Hacking Homelessness at EduCon

Author: Barbara Palmer       

Winning team, left to right Alex Zapple, Carol Motley, and Bea Lewis; flanked by, left to right, Jamie Murdock, William Thomson, Stuart Ruff-Lyon, Keith Talbert, and Donna Kastner. (Jacob Slaton Photography)

On any given night, approximately half a million people in the United States are unsheltered or homeless. It’s an issue that intersects with the meetings industry — a majority of meeting professionals who responded to a Convene survey last year said that attendees had told them that they were not comfortable in a destination because of visible homelessness. It’s also a problem about which meeting professionals care deeply — 35 percent of respondents said that they’ve organized CSR efforts for homeless communities in destinations where they have held meetings.

That sense of empathy, along with a spirit of collaboration and innovation, fueled a six-hour pre-conference hackathon held Tuesday at the Education Conference, as well as the session, “Pitch-a-thon: Hackathon Teams Pitch Their Solution to Help the Unsheltered Homeless,” on Wednesday afternoon, where the five teams presented their solutions to the challenge: What might the meetings industry do to help those who are unsheltered?

The workshop was led by consultant Donna Kastner, an entrepreneur and expert on experience design, and Jamie Murdock, vice president of sales at Experient, who have facilitated successful hackathons at the Education Conference over the previous two years. It was the first time that the hackathon focused on a challenge that wasn’t tied to what planners are working on in their day-to-day lives. In addition, the challenge of homelessness is a complex one, which “got overwhelming very fast, once we started researching it,” Murdock said at the session.

Murdock and Kastner invited four experts to act as mentors for hackathon participants, including meeting professional William Thomson, the founder of Gallus Events in Barcelona, who organized a hackathon last year in Glasgow to help find solutions to homelessness; venture capitalist Michelle Crames, co-founder and CEO of tech company Pogo; Illah Schalles, the program director of Back on My Feet Greater Los Angeles, a nonprofit that uses running as a way to combat homelessness; and Josh Dean, co-founder of Human.nyc, a nonprofit that works to connect the street homeless in New York City to housing.

Participants were divided into five teams — each had three minutes to pitch their solutions and three minutes to answer questions from the audience. The winner was determined by an audience vote, combined with votes by Stuart Ruff-Lyon, PCMA Board chair-elect, and Keith Talbert, CMP, director of sales for the Oklahoma City Convention & Visitors Bureau, which sponsored the hackathon.

Pitches included a range of approaches and ideas, many of them focusing on the power of bringing meeting industry organizations together with destinations, meeting planners, and civic and nonprofit organizations to leverage their power and share information around best practices. One, for example, proposed a website named EMPACT — an acronym for Empathetic Meeting Professional ACT — that would connect those in need of help with resources. Another team proposed that hotels could dedicate one hotel room as housing for a year, which would be combined with job training and other resources to lift people out of homelessness.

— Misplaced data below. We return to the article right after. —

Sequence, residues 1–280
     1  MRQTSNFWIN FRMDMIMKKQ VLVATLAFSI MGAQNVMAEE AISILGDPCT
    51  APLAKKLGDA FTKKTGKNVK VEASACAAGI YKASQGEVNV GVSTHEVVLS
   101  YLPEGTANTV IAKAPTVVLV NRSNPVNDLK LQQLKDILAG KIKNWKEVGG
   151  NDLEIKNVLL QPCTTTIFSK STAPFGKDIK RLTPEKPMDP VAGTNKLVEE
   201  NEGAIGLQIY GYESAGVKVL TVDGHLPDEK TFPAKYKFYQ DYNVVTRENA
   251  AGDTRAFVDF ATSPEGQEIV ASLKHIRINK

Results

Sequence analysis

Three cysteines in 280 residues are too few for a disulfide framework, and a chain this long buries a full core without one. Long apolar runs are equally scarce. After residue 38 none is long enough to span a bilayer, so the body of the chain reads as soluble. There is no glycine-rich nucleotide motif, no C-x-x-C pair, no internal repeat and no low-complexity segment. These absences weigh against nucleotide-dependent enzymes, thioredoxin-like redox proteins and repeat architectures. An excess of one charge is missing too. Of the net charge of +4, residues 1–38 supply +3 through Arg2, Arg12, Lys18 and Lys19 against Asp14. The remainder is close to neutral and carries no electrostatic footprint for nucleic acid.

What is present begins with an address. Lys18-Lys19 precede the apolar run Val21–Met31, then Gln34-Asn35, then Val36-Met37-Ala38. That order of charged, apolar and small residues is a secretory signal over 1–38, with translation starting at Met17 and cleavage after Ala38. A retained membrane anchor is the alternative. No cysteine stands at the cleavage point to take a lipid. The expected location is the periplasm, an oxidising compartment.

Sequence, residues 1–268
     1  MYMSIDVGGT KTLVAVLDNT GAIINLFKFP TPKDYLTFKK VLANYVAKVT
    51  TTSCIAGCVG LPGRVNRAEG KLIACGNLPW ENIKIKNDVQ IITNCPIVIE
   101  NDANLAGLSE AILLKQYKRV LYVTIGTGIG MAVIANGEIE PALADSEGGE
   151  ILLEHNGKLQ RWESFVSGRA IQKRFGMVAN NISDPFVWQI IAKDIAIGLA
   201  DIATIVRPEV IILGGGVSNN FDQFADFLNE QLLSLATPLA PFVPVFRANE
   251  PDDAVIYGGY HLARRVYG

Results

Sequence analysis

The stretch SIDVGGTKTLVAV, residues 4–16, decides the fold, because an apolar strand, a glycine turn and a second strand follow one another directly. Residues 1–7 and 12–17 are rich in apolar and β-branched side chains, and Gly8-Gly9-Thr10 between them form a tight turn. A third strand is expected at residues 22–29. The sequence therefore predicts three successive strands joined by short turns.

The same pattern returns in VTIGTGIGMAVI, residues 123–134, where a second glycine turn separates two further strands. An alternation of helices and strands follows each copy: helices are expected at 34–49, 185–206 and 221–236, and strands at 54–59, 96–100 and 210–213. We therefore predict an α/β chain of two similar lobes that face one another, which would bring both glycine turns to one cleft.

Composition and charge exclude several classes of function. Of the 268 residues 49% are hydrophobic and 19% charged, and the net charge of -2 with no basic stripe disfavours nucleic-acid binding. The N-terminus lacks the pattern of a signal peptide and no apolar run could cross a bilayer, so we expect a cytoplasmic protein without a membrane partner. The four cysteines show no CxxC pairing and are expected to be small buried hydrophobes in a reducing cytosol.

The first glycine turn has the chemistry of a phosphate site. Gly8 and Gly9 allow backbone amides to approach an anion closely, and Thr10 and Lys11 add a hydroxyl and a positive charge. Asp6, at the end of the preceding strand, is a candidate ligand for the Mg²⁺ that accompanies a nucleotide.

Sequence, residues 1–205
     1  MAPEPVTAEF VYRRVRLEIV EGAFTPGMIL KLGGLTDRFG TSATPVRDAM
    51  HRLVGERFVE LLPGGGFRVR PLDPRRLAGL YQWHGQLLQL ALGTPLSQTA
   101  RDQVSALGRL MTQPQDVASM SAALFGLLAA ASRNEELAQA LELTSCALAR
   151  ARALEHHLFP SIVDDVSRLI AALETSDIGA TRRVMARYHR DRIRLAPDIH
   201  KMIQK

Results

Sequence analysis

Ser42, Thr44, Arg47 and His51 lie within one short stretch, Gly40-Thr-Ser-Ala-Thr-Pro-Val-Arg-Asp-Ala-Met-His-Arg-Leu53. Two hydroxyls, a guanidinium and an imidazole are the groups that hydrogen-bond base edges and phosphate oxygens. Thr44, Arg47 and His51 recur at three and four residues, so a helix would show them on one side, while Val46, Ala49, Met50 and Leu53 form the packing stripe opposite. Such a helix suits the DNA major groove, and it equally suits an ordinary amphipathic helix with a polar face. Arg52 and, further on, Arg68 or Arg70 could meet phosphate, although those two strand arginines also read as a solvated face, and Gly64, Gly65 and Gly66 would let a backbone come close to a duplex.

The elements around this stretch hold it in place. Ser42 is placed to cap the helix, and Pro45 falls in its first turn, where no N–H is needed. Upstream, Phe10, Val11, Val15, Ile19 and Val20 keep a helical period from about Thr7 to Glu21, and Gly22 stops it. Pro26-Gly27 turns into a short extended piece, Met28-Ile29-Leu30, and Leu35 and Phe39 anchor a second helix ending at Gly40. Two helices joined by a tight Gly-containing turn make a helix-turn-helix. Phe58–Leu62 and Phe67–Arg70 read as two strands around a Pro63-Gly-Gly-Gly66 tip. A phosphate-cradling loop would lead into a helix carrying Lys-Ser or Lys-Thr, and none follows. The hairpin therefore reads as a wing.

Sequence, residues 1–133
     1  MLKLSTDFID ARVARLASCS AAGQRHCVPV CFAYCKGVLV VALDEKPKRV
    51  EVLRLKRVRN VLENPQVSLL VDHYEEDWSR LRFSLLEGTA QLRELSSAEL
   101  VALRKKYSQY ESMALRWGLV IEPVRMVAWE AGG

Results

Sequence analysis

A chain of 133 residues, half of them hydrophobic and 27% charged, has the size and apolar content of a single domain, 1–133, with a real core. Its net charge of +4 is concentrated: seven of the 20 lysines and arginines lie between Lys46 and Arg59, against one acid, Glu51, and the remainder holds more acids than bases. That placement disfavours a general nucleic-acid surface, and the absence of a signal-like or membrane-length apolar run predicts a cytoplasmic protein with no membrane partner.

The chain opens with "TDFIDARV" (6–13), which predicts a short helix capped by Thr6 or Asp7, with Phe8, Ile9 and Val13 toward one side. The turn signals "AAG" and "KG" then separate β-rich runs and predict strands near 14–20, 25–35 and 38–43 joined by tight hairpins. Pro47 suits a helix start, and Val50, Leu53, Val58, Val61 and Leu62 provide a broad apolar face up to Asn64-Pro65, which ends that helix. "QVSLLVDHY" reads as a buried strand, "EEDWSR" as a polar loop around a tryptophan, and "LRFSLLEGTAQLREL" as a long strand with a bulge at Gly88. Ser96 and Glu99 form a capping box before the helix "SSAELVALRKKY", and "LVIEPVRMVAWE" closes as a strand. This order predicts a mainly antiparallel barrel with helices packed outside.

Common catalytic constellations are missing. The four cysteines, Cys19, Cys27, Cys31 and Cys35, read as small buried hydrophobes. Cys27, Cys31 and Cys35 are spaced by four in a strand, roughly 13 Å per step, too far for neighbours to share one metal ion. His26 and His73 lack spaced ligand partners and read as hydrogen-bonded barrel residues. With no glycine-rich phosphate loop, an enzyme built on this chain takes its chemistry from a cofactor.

The winning pitch was presented by a team consisting of Carol Motley, director of convention sales, Destination DC; Alex Zapple, CMP, CEM, associate director of meeting services, American Society of Nephrology; and Bea Lewis, CMP, director of events and convening, Catholic Charities USA, and was aimed at preventing homelessness in the hospitality community itself and came in the form of a two-part proposal.

The first step would be to raise awareness about housing insecurity within the hospitality industry, where the average salary is $16 an hour and the average workweek is 24 hours. The second step was to raise funds through a “Hospitality Round Up” campaign, that would ask hotel guests, restaurant patrons, and others using hospitality services to round up when paying their bills to the nearest dollar — or nearest hundred dollars. The funds would then be used to provide a variety of aid to hospitality workers — from job training and medical-care assistance to child care and direct emergency aid.

Bombas, the sock company that donates a pair of socks to the homeless for every pair sold, played a supporting role in the hackathon by donating socks and sponsoring Dean’s travel to the conference. The company also provided a “mic drop” moment — donating 5,000 pairs of socks, to be awarded to the nonprofit organization of the winning team’s choice.

It was technically a competition, but teams voiced their support for one another’s ideas and the hope that they could be combined going forward. “Today, as I listened to every single group’s presentation, I felt very proud,” said one participant.

“At Experient, we have a slogan — ‘First take good care of each other,’” Murdock said. “Yesterday we did that. Kudos. You are all winners.”

The real winner is Catholic Charities USA in Washington, D.C. The winning team chose the nonprofit as its charity, so PCMA will donate $1,000 to the charity on the team’s behalf, and in July, Bombas made its donation of 5,000 pairs of shoes to the organization.

Barbara Palmer is deputy editor of Convene. This story was updated with the donation information on August 3, 2019.

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